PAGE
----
Commentary by Dr. Palanisamy Nagarajan
In the present environment, it is a harsh reality that the prospects for a sustainable economic recovery with robust employment growth and equitable income distribution remain elusive. “Global growth prospects for 2013 have been marked down repeatedly over the last year, global rebalancing is incomplete, regional disparities remain wide, and unemployment, particularly among the youth, remains unacceptably high. Despite our actions, the recovery is weak, and risks remain tilted to the downside,” said the Group of 20 leaders in their final communiqué after the Saint Petersburg Summit last week. Also, they agreed that it is critical for them to focus all their “joint efforts on engineering a durable exist from the longest and most protracted crisis in modern history.”
In fact, the G20 summit, which is supposedly an economic forum, was overshadowed by the specter of a crisis in Syria. Consequently, the summit failed to focus on the global economic recovery. As things stand now, a growing economic sluggishness in emerging economies, the recent free-fall of their exchange rates, and increasing volatility in capital markets, coupled with a nightmare Middle East situation, could plunge the fragile global economy into another slump with devastating consequence.
Both China and Russia are strongly opposed to U.S. military strikes, saying it would push up oil prices and trigger an economic downturn. Pope Francis has urged all the leaders to overcome their differences on the Syrian crisis and agree to abandon “the futile pursuit of a military solution.”
Given the present economic and geopolitical conditions, one thing is absolutely essential. We need the wisdom and foresight in grappling with the perplexing and multifaceted long drawn-out Syrian civil war. It is a matter of shared global responsibility and global challenge to address this crisis. All the leaders in the corridors of power should urge the President Obama, a Nobel Peace Prize winner in 2009 for his “extraordinary efforts to strengthen international diplomacy and cooperation between peoples,” to stop the drumbeat of war to launch strikes against Syrian regime, even if he gets the green light from the US Congress. It is the responsibility of the UN, not the US, in addressing the horrific crisis in Syria.
At this critical juncture, while the whole world is wondering and pondering how the President would deal with the messy Syrian crisis in the coming days, it is worth mentioning what the Norwegian Nobel Committee said: “Obama has as a President created a new climate in the international politics. Multilateral diplomacy has regained a central position, with the emphasis on the role that the United Nations and other international institutions can play. Dialogue and negotiations are preferred as instruments for resolving even the most difficult international conflicts… [Obama’s] diplomacy is founded in the concept that those who are to lead the world must do so on the basis of values and attitudes that are shared by the majority of the world’s population.”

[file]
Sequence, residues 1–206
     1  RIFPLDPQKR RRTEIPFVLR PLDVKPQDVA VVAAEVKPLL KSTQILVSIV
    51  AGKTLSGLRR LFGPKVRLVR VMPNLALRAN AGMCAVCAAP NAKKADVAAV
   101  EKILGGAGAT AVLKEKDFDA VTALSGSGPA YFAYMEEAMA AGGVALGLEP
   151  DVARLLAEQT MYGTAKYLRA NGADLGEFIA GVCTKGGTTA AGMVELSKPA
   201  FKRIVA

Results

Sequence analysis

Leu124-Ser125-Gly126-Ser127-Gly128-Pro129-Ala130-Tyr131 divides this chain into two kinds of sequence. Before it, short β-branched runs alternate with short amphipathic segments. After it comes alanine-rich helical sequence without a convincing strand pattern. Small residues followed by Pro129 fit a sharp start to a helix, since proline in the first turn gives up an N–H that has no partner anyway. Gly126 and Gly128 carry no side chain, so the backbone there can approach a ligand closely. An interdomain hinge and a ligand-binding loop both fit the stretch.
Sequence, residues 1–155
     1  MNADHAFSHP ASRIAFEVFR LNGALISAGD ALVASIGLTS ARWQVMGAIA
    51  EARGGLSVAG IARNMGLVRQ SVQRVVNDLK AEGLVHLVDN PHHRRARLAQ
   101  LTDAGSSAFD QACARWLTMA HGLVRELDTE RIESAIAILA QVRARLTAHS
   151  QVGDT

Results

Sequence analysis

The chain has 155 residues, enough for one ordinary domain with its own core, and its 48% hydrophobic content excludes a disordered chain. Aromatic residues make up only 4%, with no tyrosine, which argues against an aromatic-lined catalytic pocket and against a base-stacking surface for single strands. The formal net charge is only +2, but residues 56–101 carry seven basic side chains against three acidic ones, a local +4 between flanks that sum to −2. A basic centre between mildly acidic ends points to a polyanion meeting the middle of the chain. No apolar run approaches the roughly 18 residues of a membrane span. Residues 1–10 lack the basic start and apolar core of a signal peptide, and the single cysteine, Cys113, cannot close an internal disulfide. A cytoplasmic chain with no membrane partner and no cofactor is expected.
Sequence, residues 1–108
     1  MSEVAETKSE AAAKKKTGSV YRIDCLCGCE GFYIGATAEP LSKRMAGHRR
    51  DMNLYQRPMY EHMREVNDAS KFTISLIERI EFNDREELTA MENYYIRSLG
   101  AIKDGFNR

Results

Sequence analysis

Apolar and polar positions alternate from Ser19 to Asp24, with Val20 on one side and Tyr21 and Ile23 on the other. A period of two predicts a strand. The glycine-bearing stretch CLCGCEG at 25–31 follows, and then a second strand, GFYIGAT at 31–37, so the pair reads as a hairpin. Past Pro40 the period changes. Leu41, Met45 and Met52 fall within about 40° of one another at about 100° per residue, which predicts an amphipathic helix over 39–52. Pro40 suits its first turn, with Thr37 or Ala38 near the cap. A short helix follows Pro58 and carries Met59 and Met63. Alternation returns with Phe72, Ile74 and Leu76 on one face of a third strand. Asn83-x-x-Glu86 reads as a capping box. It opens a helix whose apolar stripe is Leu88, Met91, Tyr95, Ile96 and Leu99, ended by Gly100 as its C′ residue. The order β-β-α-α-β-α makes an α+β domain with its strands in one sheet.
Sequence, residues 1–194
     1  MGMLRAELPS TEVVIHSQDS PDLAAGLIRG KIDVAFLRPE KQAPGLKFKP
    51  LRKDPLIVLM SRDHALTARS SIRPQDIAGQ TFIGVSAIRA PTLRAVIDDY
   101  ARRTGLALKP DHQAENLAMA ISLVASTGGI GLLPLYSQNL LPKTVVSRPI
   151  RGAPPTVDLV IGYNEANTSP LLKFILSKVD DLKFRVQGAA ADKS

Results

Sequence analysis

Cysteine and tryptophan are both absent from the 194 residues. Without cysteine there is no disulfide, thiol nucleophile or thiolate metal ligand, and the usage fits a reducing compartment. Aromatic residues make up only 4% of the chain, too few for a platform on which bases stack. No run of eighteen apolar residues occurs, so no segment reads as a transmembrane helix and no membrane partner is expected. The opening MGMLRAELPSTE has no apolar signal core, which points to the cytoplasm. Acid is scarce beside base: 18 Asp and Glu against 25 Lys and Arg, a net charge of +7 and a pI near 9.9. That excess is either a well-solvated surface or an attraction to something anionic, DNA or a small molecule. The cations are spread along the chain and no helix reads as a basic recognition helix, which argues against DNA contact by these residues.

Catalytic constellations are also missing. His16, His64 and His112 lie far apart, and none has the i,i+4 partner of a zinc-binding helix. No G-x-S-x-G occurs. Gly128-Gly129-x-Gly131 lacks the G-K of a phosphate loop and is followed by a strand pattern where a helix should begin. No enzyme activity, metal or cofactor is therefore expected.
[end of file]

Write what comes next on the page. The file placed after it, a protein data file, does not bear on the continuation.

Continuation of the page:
Let us hope the President Obama will not disappoint the expectations of the Nobel Prize Committee. Let us hope he will reconsider his intention to undertake a “punitive” action against Syria for an alleged chemical weapons attack last month. Any ill-judged U.S. military strike against Syria would be illegal without the approval of the UN Security Council, and it would fan the flames of the Middle East conflict. Its consequences would be disastrous.
The international community should focus their attention in dealing with the horrendous human tragedy of the Syrian civil war. Antonio Guterres, the United Nations High Commissioner responsible for refugees, said: “Syria has become the great tragedy of this century a disgraceful humanitarian calamity with suffering and displacement unparalleled in recent history.” More than 100,000 people have been killed in the bitter civil war. More than 2 million Syrians have fled to the neighboring countries as refugees, and more than half of them are children, according to the UN figures. In fact, the number of people fleeing the country has been escalating in recent months. If the present trend continues, more than 3 million would have fled the country by 2013. In addition, more than 4 million people are displaced inside Syria. On the whole, about a third of the Syria’s population has become victim of the catastrophic civil war, directly or indirectly.
Given the unfolding humanitarian crisis, it is imperative to find a political settlement to the Syrian civil war by exploring all the available options through the United Nations, while securing the needed humanitarian aid to relieve the pain and indescribable sufferings of the Syrians.
Dr. Palanisamy Nagarajan is Emeritus Professor of Economics & Research Associate of the Institute of Island Studies, University of Prince Edward Island.